I'm Lucy, and I'd be happy to answer your questions today.
The term "legal separation" refers to a very specific court procedure that does not exist in Michigan. Spouses are separated as soon as they live separate and apart with no intention of reconciling. Creating a separation agreement before filing for divorce does not in any way harm the parties, as long as you agree to everything in that document. The judge will uphold what you agree to. So, if you agree to accept less spousal support or less child support than what you're entitled to, that could backfire. It may help to have a local attorney read the agreement before you sign, especially if your husband has a lawyer. And you should know that one lawyer cannot ethically represent both of you. If he has a lawyer write the agreement or purporting to help you understand it, get your own lawyer. You'll be able to ask that your husband pay your legal fees.
You're entitled to approximately half of all assets acquired during the marriage, which includes any money your husband put into a 401(k) or other retirement accounts, expensive furniture, jewelry (other than gifts), cars, a house - everything. It doesn't matter whose name is ***** ***** asset or who paid for it, as long as it was acquired during the marriage. Spousal support is need-based. For a marriage of 12 years, your husband will likely be required to continue supporting you for about 6 years, or half the duration of the marriage, unless you remarry first. What he has to pay will depend on how much you need to meet your expenses versus how much he can afford to pay, after considering child support (since that money can cover some expenses like utilities or housing that you and the children both use). To get permanent support, you'd have to be able to establish that he agreed to support you forever in the event that the marriage didn't work out, which requires something in writing. Also, if you want to be able to continue support until the youngest child turns 18, you'll have to establish that this was the agreement the two of you had. If you need additional education or training to regain the workforce, you can ask the judge to order him to help you pay for those expenses.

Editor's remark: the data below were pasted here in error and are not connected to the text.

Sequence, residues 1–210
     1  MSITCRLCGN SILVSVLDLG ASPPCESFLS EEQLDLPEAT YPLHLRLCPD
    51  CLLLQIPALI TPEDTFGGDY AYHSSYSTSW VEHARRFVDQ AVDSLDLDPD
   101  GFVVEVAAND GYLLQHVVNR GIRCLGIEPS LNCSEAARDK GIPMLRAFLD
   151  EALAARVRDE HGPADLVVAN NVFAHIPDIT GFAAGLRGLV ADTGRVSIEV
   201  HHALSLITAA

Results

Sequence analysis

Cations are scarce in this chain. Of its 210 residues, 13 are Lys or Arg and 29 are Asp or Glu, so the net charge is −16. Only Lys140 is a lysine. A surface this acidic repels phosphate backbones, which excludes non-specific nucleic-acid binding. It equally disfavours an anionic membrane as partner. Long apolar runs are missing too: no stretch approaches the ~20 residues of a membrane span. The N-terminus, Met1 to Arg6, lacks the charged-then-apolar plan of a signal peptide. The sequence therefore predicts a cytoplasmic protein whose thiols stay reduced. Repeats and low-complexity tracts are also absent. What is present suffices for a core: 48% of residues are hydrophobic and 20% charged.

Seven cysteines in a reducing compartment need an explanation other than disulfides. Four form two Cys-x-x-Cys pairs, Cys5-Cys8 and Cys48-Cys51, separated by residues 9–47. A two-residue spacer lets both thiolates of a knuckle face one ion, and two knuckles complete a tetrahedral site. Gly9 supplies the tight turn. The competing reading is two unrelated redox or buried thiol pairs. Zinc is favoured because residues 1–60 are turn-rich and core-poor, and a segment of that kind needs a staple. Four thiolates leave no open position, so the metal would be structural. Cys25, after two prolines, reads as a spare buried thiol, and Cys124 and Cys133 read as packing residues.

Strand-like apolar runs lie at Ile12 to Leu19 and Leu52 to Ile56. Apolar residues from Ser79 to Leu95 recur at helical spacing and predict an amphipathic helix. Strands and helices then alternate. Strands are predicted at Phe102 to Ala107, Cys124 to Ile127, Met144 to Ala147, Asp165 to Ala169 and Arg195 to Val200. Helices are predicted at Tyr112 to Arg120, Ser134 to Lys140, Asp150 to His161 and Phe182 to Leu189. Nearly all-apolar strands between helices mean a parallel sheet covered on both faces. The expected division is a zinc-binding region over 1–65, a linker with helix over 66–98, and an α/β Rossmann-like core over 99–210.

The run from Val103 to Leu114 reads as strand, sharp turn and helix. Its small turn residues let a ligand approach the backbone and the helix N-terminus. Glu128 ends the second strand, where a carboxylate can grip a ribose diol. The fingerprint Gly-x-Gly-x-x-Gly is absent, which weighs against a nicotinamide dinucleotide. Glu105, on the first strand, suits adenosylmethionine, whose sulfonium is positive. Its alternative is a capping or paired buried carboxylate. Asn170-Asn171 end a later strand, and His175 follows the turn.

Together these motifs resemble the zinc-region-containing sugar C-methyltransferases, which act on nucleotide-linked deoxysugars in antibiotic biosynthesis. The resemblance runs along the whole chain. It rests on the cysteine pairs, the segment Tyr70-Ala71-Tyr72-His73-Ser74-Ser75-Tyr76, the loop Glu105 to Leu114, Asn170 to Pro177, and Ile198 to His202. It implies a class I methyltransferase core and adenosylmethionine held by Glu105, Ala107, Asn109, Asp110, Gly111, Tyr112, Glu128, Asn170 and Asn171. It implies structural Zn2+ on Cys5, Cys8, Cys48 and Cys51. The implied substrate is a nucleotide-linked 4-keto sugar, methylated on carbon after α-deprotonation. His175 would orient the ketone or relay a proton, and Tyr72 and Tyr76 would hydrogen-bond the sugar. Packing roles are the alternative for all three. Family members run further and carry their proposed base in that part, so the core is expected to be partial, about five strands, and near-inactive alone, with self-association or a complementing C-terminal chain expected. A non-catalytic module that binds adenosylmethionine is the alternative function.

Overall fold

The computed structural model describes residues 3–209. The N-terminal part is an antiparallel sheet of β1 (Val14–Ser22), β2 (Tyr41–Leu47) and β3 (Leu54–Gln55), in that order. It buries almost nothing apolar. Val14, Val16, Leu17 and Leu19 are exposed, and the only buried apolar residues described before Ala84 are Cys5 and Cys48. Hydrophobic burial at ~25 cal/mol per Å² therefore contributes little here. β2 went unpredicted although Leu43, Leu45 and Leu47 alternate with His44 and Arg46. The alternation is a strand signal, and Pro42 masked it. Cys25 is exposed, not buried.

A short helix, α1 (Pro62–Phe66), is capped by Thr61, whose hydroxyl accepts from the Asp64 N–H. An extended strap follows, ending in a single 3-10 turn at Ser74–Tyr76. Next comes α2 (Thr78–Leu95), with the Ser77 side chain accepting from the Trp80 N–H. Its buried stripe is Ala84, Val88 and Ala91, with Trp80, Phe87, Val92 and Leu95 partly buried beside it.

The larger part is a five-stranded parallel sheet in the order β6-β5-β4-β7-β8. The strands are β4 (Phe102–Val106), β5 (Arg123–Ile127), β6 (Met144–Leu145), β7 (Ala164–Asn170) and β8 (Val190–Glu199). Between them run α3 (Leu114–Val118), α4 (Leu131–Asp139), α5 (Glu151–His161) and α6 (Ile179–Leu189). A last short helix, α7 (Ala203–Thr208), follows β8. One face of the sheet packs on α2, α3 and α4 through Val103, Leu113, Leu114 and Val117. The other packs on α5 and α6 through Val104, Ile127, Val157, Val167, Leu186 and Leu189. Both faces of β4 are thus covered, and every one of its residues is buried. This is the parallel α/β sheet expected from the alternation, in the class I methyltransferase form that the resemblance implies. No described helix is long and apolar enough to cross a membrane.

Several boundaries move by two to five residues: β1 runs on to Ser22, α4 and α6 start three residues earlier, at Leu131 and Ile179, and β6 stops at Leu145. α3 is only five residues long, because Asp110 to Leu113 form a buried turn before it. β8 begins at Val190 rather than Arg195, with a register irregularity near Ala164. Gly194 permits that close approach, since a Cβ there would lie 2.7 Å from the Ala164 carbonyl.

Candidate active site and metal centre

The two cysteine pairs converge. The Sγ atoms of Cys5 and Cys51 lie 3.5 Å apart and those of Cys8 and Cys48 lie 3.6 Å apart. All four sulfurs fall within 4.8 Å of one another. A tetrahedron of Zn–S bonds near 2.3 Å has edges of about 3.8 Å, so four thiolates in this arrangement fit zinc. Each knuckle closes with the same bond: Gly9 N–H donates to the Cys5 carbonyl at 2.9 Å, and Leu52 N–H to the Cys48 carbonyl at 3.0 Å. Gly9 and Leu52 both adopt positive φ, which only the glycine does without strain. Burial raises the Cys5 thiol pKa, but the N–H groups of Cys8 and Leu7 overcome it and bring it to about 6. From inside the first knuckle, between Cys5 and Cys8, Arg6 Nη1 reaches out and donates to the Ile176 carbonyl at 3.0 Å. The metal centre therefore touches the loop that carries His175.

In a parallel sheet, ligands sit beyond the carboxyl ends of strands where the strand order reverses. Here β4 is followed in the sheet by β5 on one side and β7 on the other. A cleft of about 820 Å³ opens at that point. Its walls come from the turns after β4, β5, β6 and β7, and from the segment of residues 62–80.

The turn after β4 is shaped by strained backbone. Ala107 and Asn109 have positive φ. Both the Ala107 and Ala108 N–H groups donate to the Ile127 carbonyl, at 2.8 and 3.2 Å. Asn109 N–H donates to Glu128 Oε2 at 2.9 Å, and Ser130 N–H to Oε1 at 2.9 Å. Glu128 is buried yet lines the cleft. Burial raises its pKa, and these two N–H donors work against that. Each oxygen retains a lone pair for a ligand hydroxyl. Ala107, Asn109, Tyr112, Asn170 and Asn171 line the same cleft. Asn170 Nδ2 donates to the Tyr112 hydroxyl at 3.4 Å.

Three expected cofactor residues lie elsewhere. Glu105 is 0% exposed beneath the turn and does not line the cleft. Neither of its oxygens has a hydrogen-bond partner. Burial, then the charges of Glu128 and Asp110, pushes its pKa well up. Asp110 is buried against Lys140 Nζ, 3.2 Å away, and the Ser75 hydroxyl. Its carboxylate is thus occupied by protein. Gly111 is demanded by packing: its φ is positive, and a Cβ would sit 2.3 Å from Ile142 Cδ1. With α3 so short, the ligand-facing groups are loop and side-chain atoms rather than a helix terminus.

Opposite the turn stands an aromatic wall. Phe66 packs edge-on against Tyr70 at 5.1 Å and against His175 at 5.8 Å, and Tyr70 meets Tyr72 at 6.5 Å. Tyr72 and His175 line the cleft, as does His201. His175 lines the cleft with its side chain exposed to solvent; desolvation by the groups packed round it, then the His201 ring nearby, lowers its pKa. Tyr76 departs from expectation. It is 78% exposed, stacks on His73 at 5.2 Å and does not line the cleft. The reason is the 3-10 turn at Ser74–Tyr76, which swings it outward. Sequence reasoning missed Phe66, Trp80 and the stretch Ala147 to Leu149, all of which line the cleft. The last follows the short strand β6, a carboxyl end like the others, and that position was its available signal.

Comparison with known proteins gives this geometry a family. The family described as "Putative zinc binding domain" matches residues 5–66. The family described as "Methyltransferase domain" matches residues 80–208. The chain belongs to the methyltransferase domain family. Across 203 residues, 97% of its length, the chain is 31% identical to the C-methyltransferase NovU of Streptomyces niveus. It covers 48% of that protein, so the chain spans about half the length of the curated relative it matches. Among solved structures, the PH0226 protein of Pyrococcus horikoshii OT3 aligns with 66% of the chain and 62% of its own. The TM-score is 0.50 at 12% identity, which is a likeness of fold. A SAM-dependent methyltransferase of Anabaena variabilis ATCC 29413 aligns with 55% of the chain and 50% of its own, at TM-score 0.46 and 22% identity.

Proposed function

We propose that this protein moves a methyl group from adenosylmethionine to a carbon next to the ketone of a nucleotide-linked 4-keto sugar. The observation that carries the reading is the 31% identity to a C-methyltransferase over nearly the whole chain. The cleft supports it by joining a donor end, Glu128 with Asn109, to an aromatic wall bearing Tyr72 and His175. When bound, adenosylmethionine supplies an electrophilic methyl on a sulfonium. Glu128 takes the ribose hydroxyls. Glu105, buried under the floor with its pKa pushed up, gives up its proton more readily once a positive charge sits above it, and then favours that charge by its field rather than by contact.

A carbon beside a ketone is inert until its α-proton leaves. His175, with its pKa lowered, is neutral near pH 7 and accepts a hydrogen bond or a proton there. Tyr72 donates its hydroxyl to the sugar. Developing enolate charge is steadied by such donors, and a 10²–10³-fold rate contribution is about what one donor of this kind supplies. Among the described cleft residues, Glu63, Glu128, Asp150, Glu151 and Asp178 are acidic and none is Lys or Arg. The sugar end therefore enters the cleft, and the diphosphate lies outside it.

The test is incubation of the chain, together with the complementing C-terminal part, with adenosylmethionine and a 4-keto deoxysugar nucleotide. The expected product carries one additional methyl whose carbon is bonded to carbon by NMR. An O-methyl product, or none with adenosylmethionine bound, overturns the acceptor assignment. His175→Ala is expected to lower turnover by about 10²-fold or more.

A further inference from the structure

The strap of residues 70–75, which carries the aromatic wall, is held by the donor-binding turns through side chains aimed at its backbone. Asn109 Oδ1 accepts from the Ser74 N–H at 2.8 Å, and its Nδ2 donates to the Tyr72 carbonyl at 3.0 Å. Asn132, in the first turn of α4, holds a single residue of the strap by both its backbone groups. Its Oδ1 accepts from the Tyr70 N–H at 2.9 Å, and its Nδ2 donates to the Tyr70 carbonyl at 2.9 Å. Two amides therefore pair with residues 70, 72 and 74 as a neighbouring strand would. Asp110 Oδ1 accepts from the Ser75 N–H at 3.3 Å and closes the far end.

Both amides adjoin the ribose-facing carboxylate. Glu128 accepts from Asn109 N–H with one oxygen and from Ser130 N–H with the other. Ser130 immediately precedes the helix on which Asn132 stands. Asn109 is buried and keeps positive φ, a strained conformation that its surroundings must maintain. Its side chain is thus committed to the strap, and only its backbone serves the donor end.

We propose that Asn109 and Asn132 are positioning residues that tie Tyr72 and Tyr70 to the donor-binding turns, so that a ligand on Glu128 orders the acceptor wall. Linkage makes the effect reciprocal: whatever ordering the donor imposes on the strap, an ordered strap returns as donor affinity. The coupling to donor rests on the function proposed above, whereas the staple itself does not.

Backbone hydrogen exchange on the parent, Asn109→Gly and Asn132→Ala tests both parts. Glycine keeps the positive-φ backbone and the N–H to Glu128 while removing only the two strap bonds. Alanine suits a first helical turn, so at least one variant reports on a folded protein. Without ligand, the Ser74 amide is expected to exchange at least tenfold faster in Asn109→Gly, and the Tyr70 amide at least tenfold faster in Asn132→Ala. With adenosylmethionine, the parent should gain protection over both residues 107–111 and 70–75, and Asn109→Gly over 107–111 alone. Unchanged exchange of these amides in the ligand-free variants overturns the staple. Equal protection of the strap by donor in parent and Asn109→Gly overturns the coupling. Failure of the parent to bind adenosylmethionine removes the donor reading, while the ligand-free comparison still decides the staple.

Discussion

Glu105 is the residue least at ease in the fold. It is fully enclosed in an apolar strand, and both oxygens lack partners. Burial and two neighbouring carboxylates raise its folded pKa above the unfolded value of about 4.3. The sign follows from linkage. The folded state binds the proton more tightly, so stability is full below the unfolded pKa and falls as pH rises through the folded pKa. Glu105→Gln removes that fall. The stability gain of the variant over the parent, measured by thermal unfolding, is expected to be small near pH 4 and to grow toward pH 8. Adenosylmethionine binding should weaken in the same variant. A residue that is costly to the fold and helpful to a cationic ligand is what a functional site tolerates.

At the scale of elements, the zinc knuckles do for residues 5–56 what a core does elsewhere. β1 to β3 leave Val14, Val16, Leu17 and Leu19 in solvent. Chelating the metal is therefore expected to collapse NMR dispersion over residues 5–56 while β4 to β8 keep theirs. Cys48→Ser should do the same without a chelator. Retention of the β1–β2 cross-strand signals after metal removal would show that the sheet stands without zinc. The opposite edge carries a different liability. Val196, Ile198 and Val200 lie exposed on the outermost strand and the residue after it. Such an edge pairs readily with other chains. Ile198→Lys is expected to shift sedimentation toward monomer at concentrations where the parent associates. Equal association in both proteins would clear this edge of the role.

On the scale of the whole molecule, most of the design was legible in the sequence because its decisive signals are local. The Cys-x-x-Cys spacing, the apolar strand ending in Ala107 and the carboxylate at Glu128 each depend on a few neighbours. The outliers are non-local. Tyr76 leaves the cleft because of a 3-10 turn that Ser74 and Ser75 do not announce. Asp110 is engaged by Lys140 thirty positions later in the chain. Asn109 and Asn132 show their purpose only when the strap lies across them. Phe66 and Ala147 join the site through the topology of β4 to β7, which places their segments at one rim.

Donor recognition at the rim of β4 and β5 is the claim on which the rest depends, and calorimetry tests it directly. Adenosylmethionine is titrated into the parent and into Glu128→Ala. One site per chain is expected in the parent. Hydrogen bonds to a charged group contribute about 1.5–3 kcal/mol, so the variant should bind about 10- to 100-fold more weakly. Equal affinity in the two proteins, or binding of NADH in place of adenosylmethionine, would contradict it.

Child support is based on several factors. This site will help you determine how much your husband will likely be required to pay, based on the specific facts of your case.
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